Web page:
Biased measure, strong evidence?—An overview of common risk of bias in measurement

Geneviève Laporte, Marilyn Aita


Although nurses, whether researchers or clinicians, may use measuring instruments in their daily practice, instruments deemed credible sometimes present with several undisclosed biases. These biases can undermine the credibility of the results obtained from their use in research or practice. This article aims to synthesize the most frequent biases of instruments to allow nurse researchers and clinicians to recognize them when exposed to new instruments or undertake an original instrument's development. The types of biases and relevant management strategies are classified into four categories: conceptual, methodological, response and contextual. The strategies recommended by measurement experts address biases introduced in developing, testing, and validating instruments. This article provides an overview of recommended practices for their development and testing. It is expected that this article will contribute to raise awareness of nurse researchers and clinicians towards the possible limitations and biases in using instruments and refine their critical thinking about measurement in their respective fields.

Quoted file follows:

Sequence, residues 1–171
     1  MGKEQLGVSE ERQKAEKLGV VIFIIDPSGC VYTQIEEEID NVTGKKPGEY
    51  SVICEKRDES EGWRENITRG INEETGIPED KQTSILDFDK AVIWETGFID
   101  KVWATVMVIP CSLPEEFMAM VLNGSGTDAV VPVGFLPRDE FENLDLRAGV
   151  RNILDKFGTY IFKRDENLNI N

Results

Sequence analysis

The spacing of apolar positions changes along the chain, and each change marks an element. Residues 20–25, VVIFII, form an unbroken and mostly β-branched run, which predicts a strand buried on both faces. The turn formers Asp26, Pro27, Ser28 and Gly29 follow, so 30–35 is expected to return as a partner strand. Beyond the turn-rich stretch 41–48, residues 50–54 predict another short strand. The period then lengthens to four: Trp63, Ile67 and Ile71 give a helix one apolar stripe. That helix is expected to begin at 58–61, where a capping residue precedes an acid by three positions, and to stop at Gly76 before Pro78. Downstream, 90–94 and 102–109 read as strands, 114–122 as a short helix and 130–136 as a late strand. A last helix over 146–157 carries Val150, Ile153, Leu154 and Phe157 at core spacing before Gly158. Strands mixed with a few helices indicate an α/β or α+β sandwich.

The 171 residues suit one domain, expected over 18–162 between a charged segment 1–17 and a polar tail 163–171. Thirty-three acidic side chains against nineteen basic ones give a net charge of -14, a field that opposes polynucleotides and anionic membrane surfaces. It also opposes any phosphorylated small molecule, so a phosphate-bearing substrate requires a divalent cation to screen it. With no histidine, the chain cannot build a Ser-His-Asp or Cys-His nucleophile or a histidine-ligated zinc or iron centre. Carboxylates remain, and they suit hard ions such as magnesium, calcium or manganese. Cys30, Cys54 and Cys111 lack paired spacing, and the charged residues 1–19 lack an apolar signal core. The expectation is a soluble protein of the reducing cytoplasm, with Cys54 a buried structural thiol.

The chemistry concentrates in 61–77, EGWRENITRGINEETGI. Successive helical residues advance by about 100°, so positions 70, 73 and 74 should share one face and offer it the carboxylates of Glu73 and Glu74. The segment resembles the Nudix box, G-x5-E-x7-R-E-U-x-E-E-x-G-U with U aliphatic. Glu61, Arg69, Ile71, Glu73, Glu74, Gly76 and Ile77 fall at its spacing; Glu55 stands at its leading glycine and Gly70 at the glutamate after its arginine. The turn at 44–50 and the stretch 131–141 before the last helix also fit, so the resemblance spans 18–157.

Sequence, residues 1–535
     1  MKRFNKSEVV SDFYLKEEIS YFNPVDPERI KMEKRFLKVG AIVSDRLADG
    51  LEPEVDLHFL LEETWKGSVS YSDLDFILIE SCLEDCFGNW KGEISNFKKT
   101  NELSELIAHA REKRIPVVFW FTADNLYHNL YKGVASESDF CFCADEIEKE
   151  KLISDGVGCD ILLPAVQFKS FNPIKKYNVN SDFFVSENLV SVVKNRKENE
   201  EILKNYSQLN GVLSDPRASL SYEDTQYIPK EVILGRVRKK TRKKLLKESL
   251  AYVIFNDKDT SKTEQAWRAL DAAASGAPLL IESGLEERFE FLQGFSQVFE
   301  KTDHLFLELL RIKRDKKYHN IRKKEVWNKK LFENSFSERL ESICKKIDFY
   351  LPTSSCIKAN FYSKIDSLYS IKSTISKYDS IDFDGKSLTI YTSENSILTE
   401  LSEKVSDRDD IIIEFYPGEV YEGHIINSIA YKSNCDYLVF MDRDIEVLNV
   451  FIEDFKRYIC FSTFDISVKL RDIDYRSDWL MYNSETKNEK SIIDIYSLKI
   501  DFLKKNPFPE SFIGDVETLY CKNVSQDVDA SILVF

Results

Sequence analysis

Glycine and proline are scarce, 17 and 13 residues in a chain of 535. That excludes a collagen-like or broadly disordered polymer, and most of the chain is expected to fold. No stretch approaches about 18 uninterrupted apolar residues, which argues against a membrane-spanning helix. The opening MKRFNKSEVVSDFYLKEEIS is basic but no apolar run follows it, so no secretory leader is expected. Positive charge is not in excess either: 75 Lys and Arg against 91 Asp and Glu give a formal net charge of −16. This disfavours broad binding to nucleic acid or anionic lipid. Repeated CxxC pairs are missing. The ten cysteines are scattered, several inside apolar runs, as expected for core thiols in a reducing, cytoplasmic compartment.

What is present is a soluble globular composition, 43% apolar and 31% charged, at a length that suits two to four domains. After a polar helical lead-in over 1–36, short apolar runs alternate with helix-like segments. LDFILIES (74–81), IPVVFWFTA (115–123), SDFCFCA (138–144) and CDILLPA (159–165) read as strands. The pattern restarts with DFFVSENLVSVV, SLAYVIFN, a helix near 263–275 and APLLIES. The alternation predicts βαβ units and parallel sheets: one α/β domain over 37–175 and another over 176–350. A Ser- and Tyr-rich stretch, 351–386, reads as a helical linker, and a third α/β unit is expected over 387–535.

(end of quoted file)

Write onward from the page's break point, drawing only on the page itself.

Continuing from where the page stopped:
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Journal of Nursing Education and Practice

ISSN 1925-4040 (Print)   ISSN 1925-4059 (Online)

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